Kai & Sunny Paint The Downtown
Kai and Sunny recently completed a mural at our very own Great Bowery office in New York City. The project was commissioned by Nutrafol, a hair wellness company, and unveiled during a launch party for the product. When asked about their inspiration and process in creating the mural, Kai admits that they designed for the job in mind and that they were focused on trying to capture dynamic movement. However, like all of their work, their process is holistic and informed by their environment, so the final piece is up for interpretation. “I think society is shifting right now and everything seems to be fighting,” Kai explains on the direction of the project. “We try to navigate through that. The idea of change is a good thing, it’s not that hard to explain but it’s an abstract piece. People can take what they want from it, but I wanted to get the idea across of shifting and moving and some kind of change.”
The style of the piece is in fact juxtaposed with the method they used to create it. When speaking about their process, Kai described a process that is “quite methodic and thought-through.” He further explains that their process does not include free form, it’s focused on planned design. Their piece, which is painted with acrylics, includes 10 different colors. “We work through our colors, so we work from the lightest up to the darkest,” Kai adds. “Very slow, very methodic and start to finish, so we know what we’re doing.” Kai and Sunny are not new to this process of collaborative creation. Their style evolved organically through the partnership. “We’ve been working for 15 years, and together, 16 maybe. It’s just been a natural process of chipping away, and extracting, and deconstructing, and building it up again.” Kai and Sunny’s use of a methodic process to create an image that captures fluidity is a paradox, but it informs their interpretation of the final product.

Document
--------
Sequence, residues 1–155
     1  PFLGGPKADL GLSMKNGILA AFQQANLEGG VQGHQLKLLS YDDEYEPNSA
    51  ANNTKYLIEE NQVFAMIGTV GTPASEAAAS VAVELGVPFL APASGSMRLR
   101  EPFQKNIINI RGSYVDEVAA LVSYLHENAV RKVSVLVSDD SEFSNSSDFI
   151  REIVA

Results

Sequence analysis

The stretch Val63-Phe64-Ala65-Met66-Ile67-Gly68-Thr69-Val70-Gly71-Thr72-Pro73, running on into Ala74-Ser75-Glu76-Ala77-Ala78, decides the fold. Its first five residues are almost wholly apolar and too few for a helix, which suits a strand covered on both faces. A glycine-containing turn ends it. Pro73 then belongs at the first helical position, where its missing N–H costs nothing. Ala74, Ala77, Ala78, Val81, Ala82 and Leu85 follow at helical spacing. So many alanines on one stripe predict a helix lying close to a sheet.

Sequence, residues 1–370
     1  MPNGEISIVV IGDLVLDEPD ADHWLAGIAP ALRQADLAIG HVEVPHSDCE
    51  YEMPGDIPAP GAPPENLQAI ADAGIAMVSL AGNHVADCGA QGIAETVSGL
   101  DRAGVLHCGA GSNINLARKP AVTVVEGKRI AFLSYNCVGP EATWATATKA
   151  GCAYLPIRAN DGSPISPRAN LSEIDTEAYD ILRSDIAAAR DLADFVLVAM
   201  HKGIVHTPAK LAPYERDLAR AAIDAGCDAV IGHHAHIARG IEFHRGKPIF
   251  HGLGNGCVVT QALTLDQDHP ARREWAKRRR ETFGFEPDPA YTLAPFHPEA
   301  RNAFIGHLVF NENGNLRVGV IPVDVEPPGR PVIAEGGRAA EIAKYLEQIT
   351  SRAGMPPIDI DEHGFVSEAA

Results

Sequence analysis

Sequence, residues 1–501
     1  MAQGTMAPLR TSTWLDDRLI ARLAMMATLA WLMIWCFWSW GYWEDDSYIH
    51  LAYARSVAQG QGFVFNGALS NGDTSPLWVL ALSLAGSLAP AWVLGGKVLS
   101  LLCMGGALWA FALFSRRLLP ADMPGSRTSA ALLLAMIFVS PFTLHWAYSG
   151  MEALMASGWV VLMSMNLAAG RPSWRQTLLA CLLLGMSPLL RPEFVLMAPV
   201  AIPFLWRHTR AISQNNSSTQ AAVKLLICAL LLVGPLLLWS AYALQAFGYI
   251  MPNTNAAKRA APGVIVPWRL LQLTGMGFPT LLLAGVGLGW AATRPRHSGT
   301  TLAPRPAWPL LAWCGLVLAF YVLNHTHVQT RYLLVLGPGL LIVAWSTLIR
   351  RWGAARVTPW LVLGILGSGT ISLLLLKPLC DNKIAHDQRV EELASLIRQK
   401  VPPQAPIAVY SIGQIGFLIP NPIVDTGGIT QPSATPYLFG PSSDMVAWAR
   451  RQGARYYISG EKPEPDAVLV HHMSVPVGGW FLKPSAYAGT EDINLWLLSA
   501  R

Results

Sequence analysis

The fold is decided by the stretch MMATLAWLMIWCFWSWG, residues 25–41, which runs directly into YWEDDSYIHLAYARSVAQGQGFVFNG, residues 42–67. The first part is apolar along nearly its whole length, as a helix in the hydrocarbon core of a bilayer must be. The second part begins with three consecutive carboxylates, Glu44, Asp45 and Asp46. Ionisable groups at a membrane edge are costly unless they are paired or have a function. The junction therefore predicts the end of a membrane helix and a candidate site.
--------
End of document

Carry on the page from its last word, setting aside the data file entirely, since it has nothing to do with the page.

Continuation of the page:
While their work is open to interpretation, they value the consistent symbolism of constructing large pieces out of thin lines and the detail of how many tiny, delicate parts make up an impressive whole. “We liked this idea that a single line is very fragile, with the lines in the beginning. You get a group of lines together, hundreds of lines, or even a thousand lines, and it has the strength and the structure, to create an image. There is something quite nice in a line, somewhere, very fragile, but with a thousand lines you got strength and power and color and movement,” Kai explains.
Kai and Sunny’s work is a wholesome collaboration between process and message. While their process is deliberate and focuses on precision, the message is one of change and progress. Kai explains that what attracts him to making this type of art is that “going back to the one line, fragile, hundreds of lines, makes something interesting, makes something powerful. If we all come together, we can make change.”